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Uric acid from bird dropping

Effects on copper and bronze - 2009

University of Bologna Team Leader: Morselli Luciano - Professor - Dep. of Industrial Chemistry and Materials.

University of Bologna Research Group: Morselli Luciano - Professor - Dep. of Industrial Chemistry and Materials; Bernardi Elena - Research Fellow - Dep. of Industrial Chemistry and Materials.

Partner/Collaborations: P. Brimblecombe, D.J. Bowden - School of Environmental Sciences, University of East Anglia, Norwich (UK)

Context and objectives

Bird droppings are often considered as an agent of decay for outdoor materials and public money are spent annually cleaning up bird excrements.

The aesthetic and, sometime, functional damage (i.e. blockage of roof gutters) on monuments and buildings is evident, but the extent of the chemical damage is not so clear: so far, there are mixed opinions about the importance of bird droppings in damaging cultural heritage and relatively little research has been done on this topic.

The aim of this research has been to investigate the potential for bird droppings to chemically affect copper and copper alloys, which make such an important contribution to architectural elements of buildings and outdoor sculpture.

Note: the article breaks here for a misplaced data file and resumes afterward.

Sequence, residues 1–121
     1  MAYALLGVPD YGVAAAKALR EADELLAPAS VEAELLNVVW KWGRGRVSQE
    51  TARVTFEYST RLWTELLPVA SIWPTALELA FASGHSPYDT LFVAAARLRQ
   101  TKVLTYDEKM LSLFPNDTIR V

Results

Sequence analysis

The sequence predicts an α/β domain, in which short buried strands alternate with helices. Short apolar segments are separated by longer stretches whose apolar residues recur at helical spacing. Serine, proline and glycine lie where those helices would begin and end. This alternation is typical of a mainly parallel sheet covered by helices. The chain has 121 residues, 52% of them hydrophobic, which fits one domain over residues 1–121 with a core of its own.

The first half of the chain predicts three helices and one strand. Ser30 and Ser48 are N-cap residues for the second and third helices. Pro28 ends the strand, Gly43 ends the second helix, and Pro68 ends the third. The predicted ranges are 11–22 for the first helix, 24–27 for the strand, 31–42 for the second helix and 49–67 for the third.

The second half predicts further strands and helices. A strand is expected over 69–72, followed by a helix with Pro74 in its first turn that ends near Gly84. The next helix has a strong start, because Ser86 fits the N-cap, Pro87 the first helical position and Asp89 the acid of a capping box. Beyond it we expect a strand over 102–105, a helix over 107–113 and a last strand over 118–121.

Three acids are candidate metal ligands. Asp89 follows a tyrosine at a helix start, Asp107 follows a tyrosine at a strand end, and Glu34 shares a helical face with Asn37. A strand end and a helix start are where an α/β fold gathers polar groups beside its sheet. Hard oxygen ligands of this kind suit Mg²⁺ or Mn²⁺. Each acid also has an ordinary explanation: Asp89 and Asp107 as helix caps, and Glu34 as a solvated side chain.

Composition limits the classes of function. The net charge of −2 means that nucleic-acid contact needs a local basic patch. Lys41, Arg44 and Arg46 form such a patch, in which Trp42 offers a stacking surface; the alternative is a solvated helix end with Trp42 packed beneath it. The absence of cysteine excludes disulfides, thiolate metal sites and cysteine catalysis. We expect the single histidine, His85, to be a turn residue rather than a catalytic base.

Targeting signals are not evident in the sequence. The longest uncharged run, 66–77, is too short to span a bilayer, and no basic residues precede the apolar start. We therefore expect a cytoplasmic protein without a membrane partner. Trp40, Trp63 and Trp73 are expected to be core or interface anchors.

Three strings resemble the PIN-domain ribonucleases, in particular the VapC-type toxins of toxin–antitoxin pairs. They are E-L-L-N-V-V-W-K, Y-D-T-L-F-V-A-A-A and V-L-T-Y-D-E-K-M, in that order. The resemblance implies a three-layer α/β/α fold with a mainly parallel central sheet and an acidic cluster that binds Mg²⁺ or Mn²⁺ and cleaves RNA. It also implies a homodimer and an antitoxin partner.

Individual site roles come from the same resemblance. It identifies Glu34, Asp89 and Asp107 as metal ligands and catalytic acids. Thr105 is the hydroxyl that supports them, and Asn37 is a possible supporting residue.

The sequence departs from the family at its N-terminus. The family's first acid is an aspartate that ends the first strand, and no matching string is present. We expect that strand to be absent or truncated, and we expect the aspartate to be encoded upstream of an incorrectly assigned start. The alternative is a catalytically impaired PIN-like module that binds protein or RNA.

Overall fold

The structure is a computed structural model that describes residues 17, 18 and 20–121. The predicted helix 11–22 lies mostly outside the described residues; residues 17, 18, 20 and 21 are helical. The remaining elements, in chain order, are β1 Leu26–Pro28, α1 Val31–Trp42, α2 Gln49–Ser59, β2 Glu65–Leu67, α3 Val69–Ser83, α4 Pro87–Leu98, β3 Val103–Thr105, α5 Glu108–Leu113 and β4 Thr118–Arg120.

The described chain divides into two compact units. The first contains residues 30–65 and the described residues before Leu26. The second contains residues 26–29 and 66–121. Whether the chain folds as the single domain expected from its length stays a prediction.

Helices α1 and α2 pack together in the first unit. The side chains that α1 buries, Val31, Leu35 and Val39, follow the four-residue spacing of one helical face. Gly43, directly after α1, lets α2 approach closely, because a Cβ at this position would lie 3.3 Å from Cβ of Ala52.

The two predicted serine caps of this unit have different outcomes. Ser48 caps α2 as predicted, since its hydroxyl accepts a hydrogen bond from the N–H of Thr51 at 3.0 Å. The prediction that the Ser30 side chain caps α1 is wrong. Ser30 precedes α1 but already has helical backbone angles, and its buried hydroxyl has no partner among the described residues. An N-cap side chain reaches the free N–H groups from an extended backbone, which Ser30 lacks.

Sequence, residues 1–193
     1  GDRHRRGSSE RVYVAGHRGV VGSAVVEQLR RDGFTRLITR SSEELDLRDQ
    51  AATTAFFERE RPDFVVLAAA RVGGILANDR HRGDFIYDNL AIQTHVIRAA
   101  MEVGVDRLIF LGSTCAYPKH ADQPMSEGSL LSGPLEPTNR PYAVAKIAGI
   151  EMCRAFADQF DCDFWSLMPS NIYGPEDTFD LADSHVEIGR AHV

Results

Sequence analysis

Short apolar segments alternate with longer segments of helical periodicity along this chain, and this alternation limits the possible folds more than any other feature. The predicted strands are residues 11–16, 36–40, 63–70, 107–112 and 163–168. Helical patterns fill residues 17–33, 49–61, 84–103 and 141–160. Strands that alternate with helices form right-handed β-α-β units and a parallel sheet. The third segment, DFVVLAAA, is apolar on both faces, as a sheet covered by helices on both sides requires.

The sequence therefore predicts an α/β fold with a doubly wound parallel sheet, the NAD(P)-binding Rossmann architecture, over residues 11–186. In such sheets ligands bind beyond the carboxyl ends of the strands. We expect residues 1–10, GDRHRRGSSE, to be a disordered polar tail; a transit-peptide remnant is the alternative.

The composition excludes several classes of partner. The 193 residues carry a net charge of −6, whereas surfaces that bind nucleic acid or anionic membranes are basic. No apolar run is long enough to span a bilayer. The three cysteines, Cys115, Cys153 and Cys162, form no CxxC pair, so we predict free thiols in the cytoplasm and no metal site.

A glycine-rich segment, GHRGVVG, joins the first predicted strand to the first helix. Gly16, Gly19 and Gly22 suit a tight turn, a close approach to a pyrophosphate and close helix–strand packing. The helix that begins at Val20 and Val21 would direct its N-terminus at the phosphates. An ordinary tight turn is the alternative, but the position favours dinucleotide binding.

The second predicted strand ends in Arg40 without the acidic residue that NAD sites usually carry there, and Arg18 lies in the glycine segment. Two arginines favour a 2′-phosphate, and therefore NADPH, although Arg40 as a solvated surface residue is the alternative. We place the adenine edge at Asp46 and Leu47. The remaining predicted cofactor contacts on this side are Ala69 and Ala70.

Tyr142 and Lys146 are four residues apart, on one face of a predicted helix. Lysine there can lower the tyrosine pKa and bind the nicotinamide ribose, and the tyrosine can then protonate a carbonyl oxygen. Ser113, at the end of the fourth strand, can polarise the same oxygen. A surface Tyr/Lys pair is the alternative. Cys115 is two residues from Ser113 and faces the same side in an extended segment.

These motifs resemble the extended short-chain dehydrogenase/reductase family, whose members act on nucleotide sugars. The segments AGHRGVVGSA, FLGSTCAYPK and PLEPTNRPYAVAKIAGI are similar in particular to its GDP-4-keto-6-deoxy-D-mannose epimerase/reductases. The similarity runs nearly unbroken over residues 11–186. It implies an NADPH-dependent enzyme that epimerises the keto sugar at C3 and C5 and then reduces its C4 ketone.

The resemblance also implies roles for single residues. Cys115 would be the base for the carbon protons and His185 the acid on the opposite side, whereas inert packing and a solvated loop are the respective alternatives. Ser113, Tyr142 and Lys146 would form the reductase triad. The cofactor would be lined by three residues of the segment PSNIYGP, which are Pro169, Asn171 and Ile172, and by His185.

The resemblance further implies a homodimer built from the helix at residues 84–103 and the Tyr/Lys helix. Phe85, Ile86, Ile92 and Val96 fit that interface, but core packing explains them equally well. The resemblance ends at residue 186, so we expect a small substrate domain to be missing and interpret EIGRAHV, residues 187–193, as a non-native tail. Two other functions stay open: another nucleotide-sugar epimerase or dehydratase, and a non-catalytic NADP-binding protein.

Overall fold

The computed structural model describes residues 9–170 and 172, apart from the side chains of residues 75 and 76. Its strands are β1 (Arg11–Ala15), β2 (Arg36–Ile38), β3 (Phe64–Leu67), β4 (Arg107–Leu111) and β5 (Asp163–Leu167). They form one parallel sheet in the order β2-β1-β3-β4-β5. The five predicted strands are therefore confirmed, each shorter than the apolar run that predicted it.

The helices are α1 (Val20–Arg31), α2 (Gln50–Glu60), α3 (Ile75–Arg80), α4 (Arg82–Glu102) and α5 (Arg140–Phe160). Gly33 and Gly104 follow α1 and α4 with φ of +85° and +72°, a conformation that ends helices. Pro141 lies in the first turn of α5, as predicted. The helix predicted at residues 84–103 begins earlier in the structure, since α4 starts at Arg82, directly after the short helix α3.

Methodologies and equipment

Laboratory investigation of the short-term effects of pure uric acid and real bird droppings on copper have been carried out ageing copper samples in a humidity cabinet. Analysis of real bird dropping stains from outdoor copper and bronze statues have also been performed. Colour change, erosion and secondary compound formation have been evaluated.


Uric acid contained in bird droppings could cause appreciable damage to copper used in buildings and monuments, considering that uric acid chemically affects copper and bronzes by modifying the metal appearance and forming urates.

Uric acid corrosiveness increases when the acid remains wet, but its biodegradation under humid conditions seems to suggest a temporary corrosive action.

The role of water in enhancing corrosion by bird droppings appears of particular significance in management, suggesting that cleaning might be particularly appropriate if conditions are likely to remain wet.

For further details

  • E. Bernardi, D. J. Bowden, P. Brimblecombe, H. Kenneally, L. Morselli, The effect of uric acid on outdoor copper and bronze, Sci Tot Environ, 407(7) (2009) 2383-2389.